January 29th, 2013

From a public relations standpoint it is often a wise tactic to attempt to analyze who might be offended by any media pronouncements your company might be making.

Nowadays, it almost seems as if someone or some group is looking to be offended.

As an example, recently a Kansas City TV anchor referred to San Francisco as “San Fransicko” at the end of a newscast and one gay guy was so offended he started a Facebook site to get the anchor fired. The anchor had to go on a local radio talk show an apologize for his remark.

Ironically, the anchor used the term only after reporting that some residents in SF were trying to get a measure passed to allow public nudity.  It had nothing to do with gays or their gay agenda, but that didn’t stop him from being offended.

Taco Bell has now found itself in basically the same position and being forced to pull an ad it developed because it “attacked” vegetables.

It now seems as if vegetables might move into the area of being a protected class in society.

Taco Bell had developed the ad promoting its new 12-pack of Tacos and made fun of people who bring vegetables to a football watch party.

A voice-over says that everyone knows that bringing veggies to game day “is like punting at fourth and one. It’s a cop-out and secretly, people kind of hate you for it.” The 15-second spot was created by DraftFCB.

The Center for Science in the Public Interest (AKA the “Food Police”) did not find the ad one bit funny.

“It’s bad enough that there aren’t many ads on television for broccoli, kale, or carrots,” noted the group. “The last thing healthy fruits and vegetables needed was to be the subject of attack ads.”

An obviously beleaguered Taco Bell spokesperson clarified why his company yanked the offending spot, “We didn’t want anyone to misinterpret the intent of the ad.”

9 Responses

  1. Mike says:

    As a 35 year vegetarian, with a sense of humor, and possibly the only remaining adult in this group, I take offense at the offense.
    To be offended by something does not mean it is offensive.

    To have fun is not against the law, at this point anyway.
    There ARE other points of view.

    YOUR’S is not the center of the universe.
    “Activists” do not have the corner on “concern”.

    Please allow those of us with a matured ability to discern make decisions about the worth of an item.

  2. Pat Carlson says:

    Interesting, given that Taco Bell is somewhat vegetarian-friendly. Certainly more so than any other fast food chain I can think of.

    Its light menu was great, although it has been discontinued.

    Now, you can order anything fresco style; dairy (cheese, etc.) is replaced with a fresh and tasty salsa. No extra charge.

    I love TB’s Bean Burrito fresco-style. It’s vegan! It’s tasty! It’s low-fat! It’s cheap!

  3. harwood benjamin says:

    Nobody “forced” Taco Bell to pull the ad. It made its own decision after weighing the pros and cons. The company wouldn’t have acted if it didn’t conclude that the complainant had a point. A teeny, tiny, nearly insignificant point, but my guess is Taco Bell was feeling a little guilty about contributing to the awful eating habits of Overweight America.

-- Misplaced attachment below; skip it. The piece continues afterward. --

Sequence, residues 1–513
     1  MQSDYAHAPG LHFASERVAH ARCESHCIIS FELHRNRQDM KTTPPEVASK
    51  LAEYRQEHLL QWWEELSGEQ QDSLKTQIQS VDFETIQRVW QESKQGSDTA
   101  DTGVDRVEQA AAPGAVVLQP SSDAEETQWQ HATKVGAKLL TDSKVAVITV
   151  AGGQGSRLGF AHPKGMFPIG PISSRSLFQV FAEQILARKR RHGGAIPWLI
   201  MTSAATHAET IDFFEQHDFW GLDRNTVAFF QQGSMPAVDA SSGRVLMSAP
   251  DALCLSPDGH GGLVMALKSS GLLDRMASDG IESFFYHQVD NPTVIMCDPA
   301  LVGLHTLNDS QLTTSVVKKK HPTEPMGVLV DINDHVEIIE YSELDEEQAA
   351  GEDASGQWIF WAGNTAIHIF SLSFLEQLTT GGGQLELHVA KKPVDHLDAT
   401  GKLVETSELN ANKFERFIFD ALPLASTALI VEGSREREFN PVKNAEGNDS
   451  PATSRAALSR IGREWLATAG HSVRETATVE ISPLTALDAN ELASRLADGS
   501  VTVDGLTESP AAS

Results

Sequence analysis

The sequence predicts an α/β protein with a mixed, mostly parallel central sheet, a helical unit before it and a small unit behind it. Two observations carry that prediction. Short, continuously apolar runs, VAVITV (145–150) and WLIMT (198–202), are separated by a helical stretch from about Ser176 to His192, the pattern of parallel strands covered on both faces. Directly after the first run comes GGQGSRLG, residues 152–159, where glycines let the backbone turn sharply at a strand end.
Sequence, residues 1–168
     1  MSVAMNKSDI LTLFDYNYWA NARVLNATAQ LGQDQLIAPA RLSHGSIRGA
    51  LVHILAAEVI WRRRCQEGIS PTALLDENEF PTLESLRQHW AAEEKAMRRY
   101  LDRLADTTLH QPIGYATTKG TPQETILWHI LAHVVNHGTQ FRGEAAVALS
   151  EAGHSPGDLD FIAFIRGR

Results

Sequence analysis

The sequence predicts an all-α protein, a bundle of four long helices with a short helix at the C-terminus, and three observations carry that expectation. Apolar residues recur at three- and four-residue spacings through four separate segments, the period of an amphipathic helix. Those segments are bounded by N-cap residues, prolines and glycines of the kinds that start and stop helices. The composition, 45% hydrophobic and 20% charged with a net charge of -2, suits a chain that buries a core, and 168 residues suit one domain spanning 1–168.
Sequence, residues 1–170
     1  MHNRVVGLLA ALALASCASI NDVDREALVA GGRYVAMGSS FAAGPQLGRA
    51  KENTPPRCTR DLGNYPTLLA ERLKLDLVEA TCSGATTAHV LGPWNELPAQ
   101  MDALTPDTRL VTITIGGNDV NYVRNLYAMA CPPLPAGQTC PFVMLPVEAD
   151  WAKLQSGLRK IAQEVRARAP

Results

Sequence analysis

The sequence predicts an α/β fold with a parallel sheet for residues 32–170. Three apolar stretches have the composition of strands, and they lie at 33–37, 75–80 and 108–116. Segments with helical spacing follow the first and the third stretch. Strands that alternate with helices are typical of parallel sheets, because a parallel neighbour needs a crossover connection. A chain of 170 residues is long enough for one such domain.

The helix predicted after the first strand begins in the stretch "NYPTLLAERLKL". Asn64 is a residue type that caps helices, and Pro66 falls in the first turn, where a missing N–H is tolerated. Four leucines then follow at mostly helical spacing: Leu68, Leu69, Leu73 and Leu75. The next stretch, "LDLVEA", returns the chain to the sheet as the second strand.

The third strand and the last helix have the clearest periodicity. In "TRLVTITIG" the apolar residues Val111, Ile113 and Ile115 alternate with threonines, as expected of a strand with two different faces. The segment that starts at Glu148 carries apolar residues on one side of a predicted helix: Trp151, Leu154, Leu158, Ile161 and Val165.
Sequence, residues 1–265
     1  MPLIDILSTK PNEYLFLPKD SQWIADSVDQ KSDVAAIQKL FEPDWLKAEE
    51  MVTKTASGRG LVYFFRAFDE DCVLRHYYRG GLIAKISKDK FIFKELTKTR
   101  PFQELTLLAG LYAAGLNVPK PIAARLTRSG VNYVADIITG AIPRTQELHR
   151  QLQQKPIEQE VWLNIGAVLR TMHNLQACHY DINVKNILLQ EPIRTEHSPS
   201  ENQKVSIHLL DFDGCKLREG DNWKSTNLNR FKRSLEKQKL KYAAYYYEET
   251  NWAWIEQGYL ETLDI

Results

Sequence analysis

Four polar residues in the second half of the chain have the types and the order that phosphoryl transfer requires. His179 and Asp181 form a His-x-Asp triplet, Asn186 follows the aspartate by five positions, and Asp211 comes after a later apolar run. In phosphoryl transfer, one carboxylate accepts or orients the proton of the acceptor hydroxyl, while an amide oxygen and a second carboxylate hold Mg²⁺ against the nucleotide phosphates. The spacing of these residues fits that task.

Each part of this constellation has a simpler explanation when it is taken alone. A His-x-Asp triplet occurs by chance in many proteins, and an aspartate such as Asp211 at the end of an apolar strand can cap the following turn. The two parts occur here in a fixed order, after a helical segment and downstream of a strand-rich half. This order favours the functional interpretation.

• JohnLandsberg says:

      When the food police go after your company you had better back down or they could make your life hell.

      • Pat Carlson says:

        On the other hand, when you draw attention from health advocates, it can be great publicity. More people will buy greasy ground beef tacos 10 at a time than will buy one veggie tray.

        The “food police” pejorative doesn’t fit. The Center for Science in the Public Interest has no official standing or enforcement power whatsoever.

        On the other hand, there are laws in many states (including Kansas) which prohibit the “disparagement” of agricultural products (e.g., beef). Oprah was tried for violating such a law in Texas, after she had the audacity to say she would never eat another hamburger. So, there are food police. The police are the food police! I hear no outcry about such disparagement laws which clearly restrict free speech.

  4. David Remley says:

    Thought is required. The best time to pull an ad is before it runs.

  5. Travis says:

    This is literally one of the stupidest things I have ever seen. If vegetarians are this wussy and thin-skinned, they need to dig into a big ole hearty steak just to toughen them up a little. What a bunch of wussies!

  6. Rick Nichols says:

    In a certain sense Taco Bell had this coming to them since it was Taco Bell that within the past two or three years managed to get the federal government to keep secret certain information that would have allowed the general public to know that there was a health problem (i.e., sickness) connected to some of the food it had been serving. Taco Bell was simply identified as “Restaurant Chain A” in the government’s report and that was it. Shame on Taco Bell for covering this matter up! As long as Uncle Sam and Corporate America are bedmates, the general public had better beware.

  7. Jeff Fletcher says:

    Taco Bell has scaled back on the number of vegetarian options at their fast food “restaurants” so it’s not surprising they would air an ad like that. Oh, well…I’d never eat there again. I am a vegetarian and they don’t want to cater to us, so be it. Plenty of other options are available, and better for me anyway.

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